So SolarWinds® Pingdom® has alerted you to an issue—what do you do now?
In this article, I’ll explain the features and capabilities of a full monitoring stack in SolarWinds and how you can use it to get to the bottom of a 3 a.m. Pingdom wake-up call.
For our web service, we use a simple architecture of a front-end Flask application with a Postgres back end served behind an edge SSL-terminating NGINX instance on the DigitalOcean Managed Kubernetes service.
Though this architecture is easy to set up and visualize, this kind of complexity can quickly overwhelm an investigation and give no clear source of alerts or clues. To help us correlate our problem from a single Pingdom alert and nail down the root cause quickly and efficiently, we’ll use two tools from the SolarWinds stack: AppOptics™ for capturing metrics and Loggly® for capturing logs.
Installing each of these tools is beyond the scope of this article, but it’s easy in a DigitalOcean managed cluster. To export the AppOptics metrics, we utilized the SolarWinds agent as a DaemonSet, and for the Loggly logs, we utilized rKubelog, a lightweight Kubernetes log tail application. Both tools are powerful assets and can be used independently, but together, they’re an even more powerful way to quickly get to the root cause of an issue and reduce mean time to resolution (MTTR).
Pingdom: The Alert
In our scenario, we’re using the alerting mechanisms of Pingdom, an externally hosted suite of agents designed to constantly check your site for health and speed.
Below is our Pingdom alert dashboard, showing us the events that have triggered our wake-up call over the past several hours.
We can see from our dashboard there are some moments of unavailability in the last few tests, but the cause isn’t clear from this alone.
Based on the information in the Test Log from Pingdom, we can see our performance from several regions across the U.S. has worsened in the last 10 minutes:
Pingdom Test Log
And by clicking through to the root cause analysis section in Pingdom, we can see pretty clearly this is an application-side error (HTTP Error 500). We’ll need to dig into application timelines and logs to understand what we’re looking at.
AppOptics: The Timing
To better understand the scope and timing of our problem, we can look at a simple metric heuristic dashboard AppOptics has provided out of the box with our Docker container monitoring, courtesy of our snap agent.
With AppOptics, we can easily see in the image below one container repeatedly dumps memory (the bottom-right graph) and is high in CPU (the bottom-left graph) with each iteration of container replacement. This tells us at the very least, this one container is struggling with something. It also tells us when this probably started (just before 16:30) and gives us an idea of the kind of impact we might be seeing with this behavior.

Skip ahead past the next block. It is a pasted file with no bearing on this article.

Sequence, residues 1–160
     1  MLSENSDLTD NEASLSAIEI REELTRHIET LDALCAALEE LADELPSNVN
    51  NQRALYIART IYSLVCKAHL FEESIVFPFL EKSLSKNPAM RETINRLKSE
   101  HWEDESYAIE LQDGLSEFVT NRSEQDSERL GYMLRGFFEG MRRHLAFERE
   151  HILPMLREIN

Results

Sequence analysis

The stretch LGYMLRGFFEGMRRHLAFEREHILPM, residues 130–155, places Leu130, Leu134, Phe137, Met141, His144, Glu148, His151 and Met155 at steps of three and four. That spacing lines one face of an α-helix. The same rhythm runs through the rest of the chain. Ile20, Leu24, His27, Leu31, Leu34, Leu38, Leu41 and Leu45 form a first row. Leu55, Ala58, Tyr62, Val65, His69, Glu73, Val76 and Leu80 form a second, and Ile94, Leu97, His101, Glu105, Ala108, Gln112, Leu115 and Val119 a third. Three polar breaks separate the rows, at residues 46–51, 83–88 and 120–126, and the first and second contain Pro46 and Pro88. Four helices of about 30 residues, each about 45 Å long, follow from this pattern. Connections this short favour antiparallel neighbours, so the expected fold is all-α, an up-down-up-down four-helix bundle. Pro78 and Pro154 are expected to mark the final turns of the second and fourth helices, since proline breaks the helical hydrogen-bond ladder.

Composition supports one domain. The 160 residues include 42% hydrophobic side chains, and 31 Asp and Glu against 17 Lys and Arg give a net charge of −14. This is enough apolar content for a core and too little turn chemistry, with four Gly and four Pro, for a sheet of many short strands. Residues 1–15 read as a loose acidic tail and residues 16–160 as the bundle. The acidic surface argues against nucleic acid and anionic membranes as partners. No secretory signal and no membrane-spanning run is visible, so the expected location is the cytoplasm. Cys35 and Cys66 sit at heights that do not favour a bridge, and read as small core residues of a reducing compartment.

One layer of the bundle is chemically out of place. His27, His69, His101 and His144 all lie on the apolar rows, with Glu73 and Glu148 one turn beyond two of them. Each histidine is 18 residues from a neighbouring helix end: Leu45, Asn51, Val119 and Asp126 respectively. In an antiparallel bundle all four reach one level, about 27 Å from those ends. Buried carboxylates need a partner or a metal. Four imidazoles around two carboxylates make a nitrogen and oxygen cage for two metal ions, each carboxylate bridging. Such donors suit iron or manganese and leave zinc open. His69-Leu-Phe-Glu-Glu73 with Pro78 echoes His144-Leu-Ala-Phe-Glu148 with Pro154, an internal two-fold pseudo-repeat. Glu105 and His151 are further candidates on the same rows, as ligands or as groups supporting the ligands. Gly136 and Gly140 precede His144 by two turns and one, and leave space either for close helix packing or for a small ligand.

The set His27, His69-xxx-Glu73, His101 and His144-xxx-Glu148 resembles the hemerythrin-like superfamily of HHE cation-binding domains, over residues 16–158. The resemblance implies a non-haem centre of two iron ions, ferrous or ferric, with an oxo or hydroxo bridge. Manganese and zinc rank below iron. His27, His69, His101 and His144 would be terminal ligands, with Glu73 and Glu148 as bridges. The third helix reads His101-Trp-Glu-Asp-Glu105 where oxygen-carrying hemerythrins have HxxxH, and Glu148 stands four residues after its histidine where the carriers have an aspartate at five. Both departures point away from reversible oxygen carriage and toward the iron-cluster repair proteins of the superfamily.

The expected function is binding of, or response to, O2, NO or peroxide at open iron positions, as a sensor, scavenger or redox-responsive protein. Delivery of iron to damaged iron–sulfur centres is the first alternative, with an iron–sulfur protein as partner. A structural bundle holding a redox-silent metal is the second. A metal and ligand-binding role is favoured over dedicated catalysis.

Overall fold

Unfortunately, since the application appears to be continuously restarting, we can be sure our customers are constantly seeing application-related failures on our site.
Loggly: The Logs
With the information from AppOptics, we have a clear start time and a general idea of what applications or services are seeing the problem. We can now go one step further and use Loggly to filter our logs to this time and service and gain a crystal-clear picture of the errors causing our 500s all the way up at Pingdom.
The Loggly dashboard is an all-inclusive log view, giving us some easy search functionality to dial into what’s causing these trends. In this image, we can see a flood of new events coming into our unfiltered log view.
In general, we can see a large increase in errors. By using the search feature in Loggly to drill down into our filter of errors, we can clearly see our Postgres connector is experiencing unexpected closed connections in large volumes.
psycopg2.OperationalError: server closed the connection unexpectedly
Oddly, there aren’t any errors logged for the database itself. This indicates there may not be an issue with the database at all, leaving only the path between the application and the database as the source of the error.
Now that we fully understand the error causing our alerts and the servers on which it’s happening, we can start working on mitigation. In our case, we know there’s a problem connecting only from our application to this specific database; no other applications or infrastructure appear to have the behavior based on our logs and overall metrics from our tool suites. To attempt a quick mitigation, we might restart the two pods and (hopefully) make the problem magically vanish. But as this is a simulated error, we already know what the problem is and can fast-forward to the cause. In our case, with a little manual testing of network pathing tools, such as traceroute, we can quickly find the latency exists on the database public interface and was caused by a misconfigured network queue.
Using SolarWinds to Find Resolution
To find a problem, it’s necessary to articulate it. The best way to do this is with a connected set of metrics and observability capable of bringing you directly to the originating event. While Pingdom is great for overall availability monitoring, AppOptics has powerful built-in functionality to integrate APM into the application stack, and Loggly provides intuitive and elegant centralized log parsing. Using these tools together provides a steady and scalable workflow for any user.
So before you get another call at 3 a.m., do yourself the favor of laying the groundwork now—while you’re awake—so tired-you can quickly resolve the issue and go back to bed.